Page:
I take pride in the fact that “lazy mama” is basically my middle name. So sunscreen isn’t my favorite subject because, let’s be real: it’s annoying.
I can barely muster the wherewithal to put sunscreen on my own dang face every day, so it does take a concerted effort for me to slather up my rugrats. That said, it’s just one of those things we have to do.
The sun feels stronger and stronger every summer, and I can’t bear the thought of my sweeties getting a painful burn. Every sunburn increases your risk of skin cancer by some outrageous percentage, so let’s agree to deal with the hassle.
The Environmental Working Group (EWG) is a great resource for choosing safe and effective sunscreen. Their website can be a little wonky, but they also have a free app called Healthy Living (formerly skin deep). You can scan the barcode of your sunscreen into the app (or search by name), and they’ll give you a rating of 1-10. Note that not all products have been tested. And heads up – the lower the score, the safer the product. Many other skincare and cosmetic products are also rated through the EWG. Unfortunately, the database doesn’t really provide a review of the products, just an analysis of the ingredients.
Lucky for you, I’ve tested basically every kids’ sunscreen out there. My criteria for good sunscreen are three-fold. First, it has to have a “green score” from the EWG, with a rating of 1 or 2.
EWG technically rates the hazards of ingredients, so levels 1 and 2 have the lowest potential for harm.
My second requirement is that the sunscreen is physical only.
There are plenty of level 2 chemical sunscreens on the EWG. I prefer mineral only. Some ingredients in chemical sunscreens have been banned in Hawaii because they can damage coral reefs. It’s too much work for me to sift through which chemical UV filters are environmentally responsible and which aren’t, so it’s easier for me to pick a mineral-only product.
I also like that physical sunscreens don’t require a waiting period before they are effective.
Since they create a physical barrier on the skin, they provide immediate protection. Keep in mind that mineral-based does not mean physical/mineral-only. Rather, mineral-based products are usually a blend of physical and chemical sunscreens. Also, be aware that mineral sunscreens almost always leave a white cast on most skin tones. Some higher-end face sunscreens are clear-ish, but generally, it’s something you have to accept when it comes to beach and pool sunblocks.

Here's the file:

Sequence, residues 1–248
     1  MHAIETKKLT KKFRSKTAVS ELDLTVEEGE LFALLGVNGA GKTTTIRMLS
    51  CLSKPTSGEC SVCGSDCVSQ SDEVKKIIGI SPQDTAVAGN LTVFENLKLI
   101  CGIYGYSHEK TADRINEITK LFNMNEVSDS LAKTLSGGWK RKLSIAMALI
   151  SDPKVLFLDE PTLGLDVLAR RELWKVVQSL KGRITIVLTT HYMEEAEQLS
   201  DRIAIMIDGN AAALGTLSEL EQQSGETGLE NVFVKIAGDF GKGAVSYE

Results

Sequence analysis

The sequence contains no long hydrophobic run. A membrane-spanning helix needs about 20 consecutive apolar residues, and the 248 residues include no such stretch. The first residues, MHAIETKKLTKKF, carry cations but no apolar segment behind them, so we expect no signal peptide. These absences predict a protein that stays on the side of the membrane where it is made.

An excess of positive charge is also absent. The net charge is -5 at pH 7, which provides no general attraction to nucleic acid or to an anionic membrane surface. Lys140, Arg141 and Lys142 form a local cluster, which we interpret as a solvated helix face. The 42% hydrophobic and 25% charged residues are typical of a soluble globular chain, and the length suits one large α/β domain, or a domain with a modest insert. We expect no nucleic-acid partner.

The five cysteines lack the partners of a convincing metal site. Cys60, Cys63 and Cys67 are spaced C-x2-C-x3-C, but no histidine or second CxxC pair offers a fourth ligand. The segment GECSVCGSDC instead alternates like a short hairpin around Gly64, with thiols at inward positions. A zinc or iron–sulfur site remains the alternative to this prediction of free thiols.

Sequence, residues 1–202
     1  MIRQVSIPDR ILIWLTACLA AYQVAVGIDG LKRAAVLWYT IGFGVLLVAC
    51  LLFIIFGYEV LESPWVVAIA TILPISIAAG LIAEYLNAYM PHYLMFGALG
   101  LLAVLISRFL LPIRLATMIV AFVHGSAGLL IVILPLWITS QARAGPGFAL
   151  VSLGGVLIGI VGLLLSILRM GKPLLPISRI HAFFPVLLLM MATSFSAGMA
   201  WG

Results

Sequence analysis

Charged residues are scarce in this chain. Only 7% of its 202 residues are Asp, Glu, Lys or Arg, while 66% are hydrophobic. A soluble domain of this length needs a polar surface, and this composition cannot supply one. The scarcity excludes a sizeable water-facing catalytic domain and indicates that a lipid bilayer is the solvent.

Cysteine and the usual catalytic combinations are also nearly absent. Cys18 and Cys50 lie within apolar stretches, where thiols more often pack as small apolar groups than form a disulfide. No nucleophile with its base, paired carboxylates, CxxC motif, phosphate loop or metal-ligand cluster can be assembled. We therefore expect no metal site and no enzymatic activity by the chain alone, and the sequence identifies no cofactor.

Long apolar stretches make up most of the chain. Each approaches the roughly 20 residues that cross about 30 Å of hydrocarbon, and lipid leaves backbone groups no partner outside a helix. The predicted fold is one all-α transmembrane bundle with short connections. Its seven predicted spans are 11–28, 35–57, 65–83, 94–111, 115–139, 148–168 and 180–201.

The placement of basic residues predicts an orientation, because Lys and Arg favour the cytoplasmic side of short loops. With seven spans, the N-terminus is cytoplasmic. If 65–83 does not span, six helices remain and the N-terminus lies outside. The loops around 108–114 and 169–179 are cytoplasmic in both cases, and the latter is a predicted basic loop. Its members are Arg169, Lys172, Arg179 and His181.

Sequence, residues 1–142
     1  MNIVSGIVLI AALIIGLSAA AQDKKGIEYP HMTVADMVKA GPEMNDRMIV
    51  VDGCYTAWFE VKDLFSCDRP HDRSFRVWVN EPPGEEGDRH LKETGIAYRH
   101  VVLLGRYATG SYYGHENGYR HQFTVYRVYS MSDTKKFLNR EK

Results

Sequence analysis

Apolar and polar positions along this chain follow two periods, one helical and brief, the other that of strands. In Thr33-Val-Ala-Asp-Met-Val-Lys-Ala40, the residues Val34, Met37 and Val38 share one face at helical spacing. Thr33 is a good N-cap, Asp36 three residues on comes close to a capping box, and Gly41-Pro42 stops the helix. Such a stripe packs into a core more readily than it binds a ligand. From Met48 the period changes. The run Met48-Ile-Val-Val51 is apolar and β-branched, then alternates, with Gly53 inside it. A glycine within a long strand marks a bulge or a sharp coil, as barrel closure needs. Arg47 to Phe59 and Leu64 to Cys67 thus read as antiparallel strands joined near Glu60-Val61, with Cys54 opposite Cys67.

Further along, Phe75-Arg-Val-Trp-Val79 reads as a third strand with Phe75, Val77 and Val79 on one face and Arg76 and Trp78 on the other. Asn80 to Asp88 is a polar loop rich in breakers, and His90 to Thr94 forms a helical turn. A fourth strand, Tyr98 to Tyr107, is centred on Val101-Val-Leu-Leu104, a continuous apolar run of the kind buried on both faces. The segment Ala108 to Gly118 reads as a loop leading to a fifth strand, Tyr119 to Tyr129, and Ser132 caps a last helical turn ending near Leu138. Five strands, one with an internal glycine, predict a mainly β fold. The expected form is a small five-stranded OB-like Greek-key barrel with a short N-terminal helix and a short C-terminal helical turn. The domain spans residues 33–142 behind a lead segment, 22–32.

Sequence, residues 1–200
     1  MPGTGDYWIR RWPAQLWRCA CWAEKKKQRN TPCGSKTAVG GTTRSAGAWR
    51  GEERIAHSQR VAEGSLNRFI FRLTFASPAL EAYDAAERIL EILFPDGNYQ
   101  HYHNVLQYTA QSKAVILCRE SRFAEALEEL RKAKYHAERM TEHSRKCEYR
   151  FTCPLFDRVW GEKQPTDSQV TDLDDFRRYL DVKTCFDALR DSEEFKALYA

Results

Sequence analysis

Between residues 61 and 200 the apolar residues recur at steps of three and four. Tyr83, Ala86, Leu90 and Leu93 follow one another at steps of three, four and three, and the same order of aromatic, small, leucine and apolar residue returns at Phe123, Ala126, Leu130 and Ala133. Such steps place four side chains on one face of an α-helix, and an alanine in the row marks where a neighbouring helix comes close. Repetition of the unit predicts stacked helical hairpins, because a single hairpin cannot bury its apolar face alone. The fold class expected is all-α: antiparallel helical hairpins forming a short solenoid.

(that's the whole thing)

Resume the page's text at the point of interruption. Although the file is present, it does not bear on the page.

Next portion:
Lastly, the sunscreens we choose have to be easy to apply.
An important caveat about spray sunscreens – we don’t use them. I have a few that I’ve tried on myself, but almost none of them are well regarded by the EWG, so they don’t go on the kids. Yes, spray sunscreen is convenient, but this is one of those rare instances when other factors matter more to me. Aerosol products aren’t awesome for the environment, so I try to keep my use of them to just the essential (ahem, dry shampoo).
If you moms manage to get makeup on your face during the summer, first of all, I tip my hat to you. You’re winning, and you’re flawless. But remember not to rely too much on the SPF in there. Cosmetic labeling can be misleading, and this is one example – makeup doesn’t have the SPF it says on the package unless you use a gloopy handful of the product (ick). Remember that you need proper sun protection too.
Here are my fave sunscreens for kids and families:
- Blue Lizard Sensitive – Bar none, this is the best sunblock for moms and kids to share. Very easy to apply, mineral only, and can sometimes be found on sale. The pink baby version is basically the same product in a different bottle. Both are excellent.
- Thinkbaby – Their sister sunscreen Thinksport is also good. I don’t love the fragrances of these products, and they’re a bit thicker than blue lizard but still great.
- Babo Botanicals Baby Face Stick – Stick sunscreen makes for easy and quick reapplication during snack time.
Have you tried a product you’d add to this list? Let me know! Most of the others we’ve tried are either way too thick to apply or leave an extra intense white cast. Whatever sunscreen you choose, it ought to be your second line of defense against UV rays. First, ensure proper clothing (rash guards for the win), shade breaks, and good planning. Remember to reapply and enjoy your summer, mama!